Thursday, January 21, 2010

Another Matter of Perspective

For this blog entry, I thought I’d vent an idea that’s been in my head for a while. You see, horror monsters, in particular the kind like Jason Vorhees or Freddy Krueger, are largely frightening (if you react that way towards them) only because they don’t fall down when perforated. Their single-minded, nonnegotiable, relentless pursuit of a goal gives them some distance from humanity, as well as the way they can travel without leaving footprints for all the dead bodies in their wake, and their extra-special attention to details whendealing with the opposite sex, but these are qualities just as easily attributed to “normal” people like politicians, obsessives, and mass-murderers. So what is so different about these particular characters that allow them to go from sick individual to unbelievable horror monster, except for the fact that any other person would drop after a 300cc injection of hot lead, but immunity to same gets you a movie deal.

Now for the above paragraph, replace “horror monster” with “action hero”, and notice that it still works.

I present to you one John McClain of [i]Die Hard[/i] fame. For brevity’s sake I’ll only go through the first film, but think about what he goes through. Once he notices that people with guns are threatening his wife, he’s determined to secure her no matter how long it takes or who’s in his way. Between all the people killed by the robbers and the robbers killed by McClain, you could just about fill an Olympic swimming pool with the blood spilt, and what’s worse is that a good share of that IS McClain’s blood. He is stabbed, slashed, beaten, burned, blown up, shot, thrown off of buildings, and while this is about the same as any slasher flick villain goes through, any slasher villain has shoes.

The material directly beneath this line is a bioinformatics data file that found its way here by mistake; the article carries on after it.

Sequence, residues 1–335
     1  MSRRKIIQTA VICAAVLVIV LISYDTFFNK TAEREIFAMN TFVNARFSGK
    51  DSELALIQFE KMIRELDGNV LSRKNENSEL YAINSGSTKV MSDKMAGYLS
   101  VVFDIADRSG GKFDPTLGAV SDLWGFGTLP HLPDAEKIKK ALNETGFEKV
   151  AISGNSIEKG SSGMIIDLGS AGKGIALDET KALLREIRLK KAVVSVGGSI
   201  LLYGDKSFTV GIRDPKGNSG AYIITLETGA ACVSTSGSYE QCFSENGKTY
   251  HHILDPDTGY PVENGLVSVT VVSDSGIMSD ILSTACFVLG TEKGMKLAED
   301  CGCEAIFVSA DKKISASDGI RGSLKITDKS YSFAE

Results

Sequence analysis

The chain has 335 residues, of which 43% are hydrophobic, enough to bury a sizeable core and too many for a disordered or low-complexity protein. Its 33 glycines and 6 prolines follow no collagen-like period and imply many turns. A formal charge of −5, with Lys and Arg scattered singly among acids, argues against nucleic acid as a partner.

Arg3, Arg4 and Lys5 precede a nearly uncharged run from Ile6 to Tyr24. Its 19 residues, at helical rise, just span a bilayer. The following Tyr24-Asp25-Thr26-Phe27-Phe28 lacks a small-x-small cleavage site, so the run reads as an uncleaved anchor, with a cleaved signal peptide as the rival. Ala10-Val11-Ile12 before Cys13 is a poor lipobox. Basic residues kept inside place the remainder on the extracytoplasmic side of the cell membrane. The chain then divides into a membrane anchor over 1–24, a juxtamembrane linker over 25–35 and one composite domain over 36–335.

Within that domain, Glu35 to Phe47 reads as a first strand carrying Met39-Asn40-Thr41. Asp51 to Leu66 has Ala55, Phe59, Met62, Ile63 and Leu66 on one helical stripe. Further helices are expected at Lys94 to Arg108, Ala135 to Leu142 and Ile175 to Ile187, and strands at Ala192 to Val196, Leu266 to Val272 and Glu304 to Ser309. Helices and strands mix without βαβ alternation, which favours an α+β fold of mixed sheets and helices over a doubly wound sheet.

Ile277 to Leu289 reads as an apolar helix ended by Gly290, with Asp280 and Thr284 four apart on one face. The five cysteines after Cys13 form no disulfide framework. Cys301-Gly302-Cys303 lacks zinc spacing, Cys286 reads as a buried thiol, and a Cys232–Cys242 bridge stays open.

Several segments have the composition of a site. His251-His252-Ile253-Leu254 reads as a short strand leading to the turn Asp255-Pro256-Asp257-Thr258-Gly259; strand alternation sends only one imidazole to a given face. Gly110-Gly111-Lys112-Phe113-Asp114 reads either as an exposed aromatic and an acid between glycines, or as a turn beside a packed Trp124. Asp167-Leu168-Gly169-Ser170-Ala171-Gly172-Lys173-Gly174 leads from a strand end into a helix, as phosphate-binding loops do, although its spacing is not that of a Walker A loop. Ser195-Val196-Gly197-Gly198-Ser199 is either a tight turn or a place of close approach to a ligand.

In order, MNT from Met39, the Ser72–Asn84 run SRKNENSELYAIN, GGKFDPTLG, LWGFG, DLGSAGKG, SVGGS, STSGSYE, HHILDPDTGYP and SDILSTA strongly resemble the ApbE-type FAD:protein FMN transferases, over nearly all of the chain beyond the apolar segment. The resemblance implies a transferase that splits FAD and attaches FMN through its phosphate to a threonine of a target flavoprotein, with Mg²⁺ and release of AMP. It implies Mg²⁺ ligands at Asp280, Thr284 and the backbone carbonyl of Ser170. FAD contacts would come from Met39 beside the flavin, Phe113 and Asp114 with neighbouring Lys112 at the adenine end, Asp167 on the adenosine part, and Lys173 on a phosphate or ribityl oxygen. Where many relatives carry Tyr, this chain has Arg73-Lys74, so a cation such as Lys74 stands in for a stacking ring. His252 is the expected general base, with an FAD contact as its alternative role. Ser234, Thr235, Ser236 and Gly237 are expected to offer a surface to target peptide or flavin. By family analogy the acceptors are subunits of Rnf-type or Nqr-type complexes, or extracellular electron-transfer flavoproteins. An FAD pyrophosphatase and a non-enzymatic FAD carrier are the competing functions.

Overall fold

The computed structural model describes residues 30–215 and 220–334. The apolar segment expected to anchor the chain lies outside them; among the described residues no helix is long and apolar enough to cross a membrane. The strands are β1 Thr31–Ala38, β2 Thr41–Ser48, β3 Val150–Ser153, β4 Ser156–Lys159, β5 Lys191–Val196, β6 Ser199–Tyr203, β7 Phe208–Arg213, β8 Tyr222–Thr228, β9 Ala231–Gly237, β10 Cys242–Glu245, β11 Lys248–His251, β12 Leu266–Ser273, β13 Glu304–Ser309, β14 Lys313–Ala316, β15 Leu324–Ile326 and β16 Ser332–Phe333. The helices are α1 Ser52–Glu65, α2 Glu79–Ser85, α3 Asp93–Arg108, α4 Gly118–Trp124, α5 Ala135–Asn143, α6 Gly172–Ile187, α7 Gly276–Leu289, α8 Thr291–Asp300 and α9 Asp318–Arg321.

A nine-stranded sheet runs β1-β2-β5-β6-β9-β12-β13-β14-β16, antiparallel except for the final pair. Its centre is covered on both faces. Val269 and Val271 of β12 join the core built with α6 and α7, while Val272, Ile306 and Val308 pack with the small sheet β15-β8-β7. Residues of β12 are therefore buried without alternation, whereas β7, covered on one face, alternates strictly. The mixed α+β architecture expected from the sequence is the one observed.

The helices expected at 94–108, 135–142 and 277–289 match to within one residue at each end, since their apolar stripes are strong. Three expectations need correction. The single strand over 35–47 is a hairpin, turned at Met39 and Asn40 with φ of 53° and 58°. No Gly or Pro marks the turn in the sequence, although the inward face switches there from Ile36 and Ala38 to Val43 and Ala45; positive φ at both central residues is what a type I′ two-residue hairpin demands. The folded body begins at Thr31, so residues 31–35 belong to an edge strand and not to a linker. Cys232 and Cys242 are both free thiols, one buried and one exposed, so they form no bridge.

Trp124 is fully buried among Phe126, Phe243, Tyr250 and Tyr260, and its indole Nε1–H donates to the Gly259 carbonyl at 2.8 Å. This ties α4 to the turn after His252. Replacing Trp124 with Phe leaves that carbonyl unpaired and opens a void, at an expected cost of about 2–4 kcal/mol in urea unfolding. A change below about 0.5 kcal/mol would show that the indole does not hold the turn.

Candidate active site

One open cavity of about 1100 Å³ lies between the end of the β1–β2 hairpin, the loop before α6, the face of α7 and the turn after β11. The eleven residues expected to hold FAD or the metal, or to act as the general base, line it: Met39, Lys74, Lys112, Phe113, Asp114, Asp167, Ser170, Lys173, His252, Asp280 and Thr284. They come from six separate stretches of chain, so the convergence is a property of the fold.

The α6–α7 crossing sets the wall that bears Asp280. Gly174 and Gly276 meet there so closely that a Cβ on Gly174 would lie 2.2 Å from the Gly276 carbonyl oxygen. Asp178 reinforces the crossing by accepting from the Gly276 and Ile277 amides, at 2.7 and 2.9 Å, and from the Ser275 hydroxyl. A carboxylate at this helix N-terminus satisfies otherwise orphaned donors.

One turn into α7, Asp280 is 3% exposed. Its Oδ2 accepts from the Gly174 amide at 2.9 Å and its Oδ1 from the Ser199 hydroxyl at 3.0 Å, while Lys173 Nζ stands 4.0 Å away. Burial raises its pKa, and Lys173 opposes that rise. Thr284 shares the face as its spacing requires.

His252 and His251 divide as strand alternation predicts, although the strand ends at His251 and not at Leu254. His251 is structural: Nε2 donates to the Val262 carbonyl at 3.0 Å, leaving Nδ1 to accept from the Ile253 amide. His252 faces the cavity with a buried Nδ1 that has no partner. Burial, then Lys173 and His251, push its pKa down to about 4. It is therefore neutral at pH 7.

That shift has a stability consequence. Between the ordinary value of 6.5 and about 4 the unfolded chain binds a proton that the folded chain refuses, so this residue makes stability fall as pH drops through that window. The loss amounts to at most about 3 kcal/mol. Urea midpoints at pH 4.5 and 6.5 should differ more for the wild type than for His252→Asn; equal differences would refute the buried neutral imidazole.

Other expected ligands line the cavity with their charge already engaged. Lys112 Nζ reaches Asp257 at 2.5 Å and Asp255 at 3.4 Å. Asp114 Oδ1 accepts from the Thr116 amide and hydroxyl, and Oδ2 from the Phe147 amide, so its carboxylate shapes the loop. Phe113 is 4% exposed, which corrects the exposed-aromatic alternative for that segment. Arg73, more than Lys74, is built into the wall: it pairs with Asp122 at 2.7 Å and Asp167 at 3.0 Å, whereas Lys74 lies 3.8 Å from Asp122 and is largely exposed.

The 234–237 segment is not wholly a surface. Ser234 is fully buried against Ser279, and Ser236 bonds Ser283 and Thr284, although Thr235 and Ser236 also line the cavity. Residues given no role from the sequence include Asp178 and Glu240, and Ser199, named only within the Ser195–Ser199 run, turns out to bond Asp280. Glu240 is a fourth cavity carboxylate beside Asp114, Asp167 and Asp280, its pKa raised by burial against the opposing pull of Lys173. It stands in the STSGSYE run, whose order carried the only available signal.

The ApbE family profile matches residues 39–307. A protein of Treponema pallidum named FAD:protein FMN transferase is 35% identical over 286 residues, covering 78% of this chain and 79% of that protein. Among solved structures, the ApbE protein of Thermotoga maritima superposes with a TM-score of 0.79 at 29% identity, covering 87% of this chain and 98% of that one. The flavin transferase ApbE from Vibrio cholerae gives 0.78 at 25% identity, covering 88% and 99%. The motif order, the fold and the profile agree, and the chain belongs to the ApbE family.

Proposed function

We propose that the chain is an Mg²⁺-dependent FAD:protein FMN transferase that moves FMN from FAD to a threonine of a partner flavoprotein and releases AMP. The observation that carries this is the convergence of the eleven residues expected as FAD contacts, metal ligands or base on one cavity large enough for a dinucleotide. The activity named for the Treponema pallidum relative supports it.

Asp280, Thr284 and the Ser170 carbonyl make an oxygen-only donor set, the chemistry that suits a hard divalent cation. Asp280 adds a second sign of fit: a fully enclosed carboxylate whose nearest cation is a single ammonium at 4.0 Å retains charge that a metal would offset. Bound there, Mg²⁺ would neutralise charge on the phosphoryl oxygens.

While the “slash” term is fresh in your mind, my next examples are Riggs and Murtaugh from the [i]Lethal Weapon[/i] franchise, and I’m going to treat them like a single entity. Whenever a criminal with greater ambition, impressive resources, and a better-than-average success ratio comes into town, Riggs and Murtaugh focus on stopping them at the sacrifice of family, regular meals, and at least two cars. Between them, they can count on being run over, kicked in the face, multiple bullet wounds, broken bones, smoke inhalation, and being crushed in any number of somewhat creative ways. Bad guys wind up strewn about the city like a bomb went off made out of corpses, the property damage is about the same too, now that I think about it.

But maybe the most perfect example is one James Bond. His capacity for ending life is so amazing that rather than attempt to prosecute him, the government of Britain decided they'd be better of licensing him, and they gave the same license to a few others so that it all looked right. He's also good at taking hits from hammers, bullets, and hats, but as if that weren't good enough he's possibly better at avoiding those same hits. Freddy liked to show off by crawling out of seemingly inescapable instruments of death, but there's something disturbing about the was James Bond can stare one in the face, find a way to make it kill everyone except the person it was aimed at, and pass it off as something casual like fixing the back of your own collar. Getting back to my point about women, both James and horror monsters face the prospect of leaving every woman they encounter dead, but where the horror monsters can't think of anything more to do with women than decorate the walls, James has trained women the world over so that they come to him willingly. That, to me, elevates him above the most vicious slasher movie star any way you put it.

So from now on, I'm going to write my action heroes like slasher villains and my slasher villains like action heroes, and I'll bet you I get praised for my efforts.

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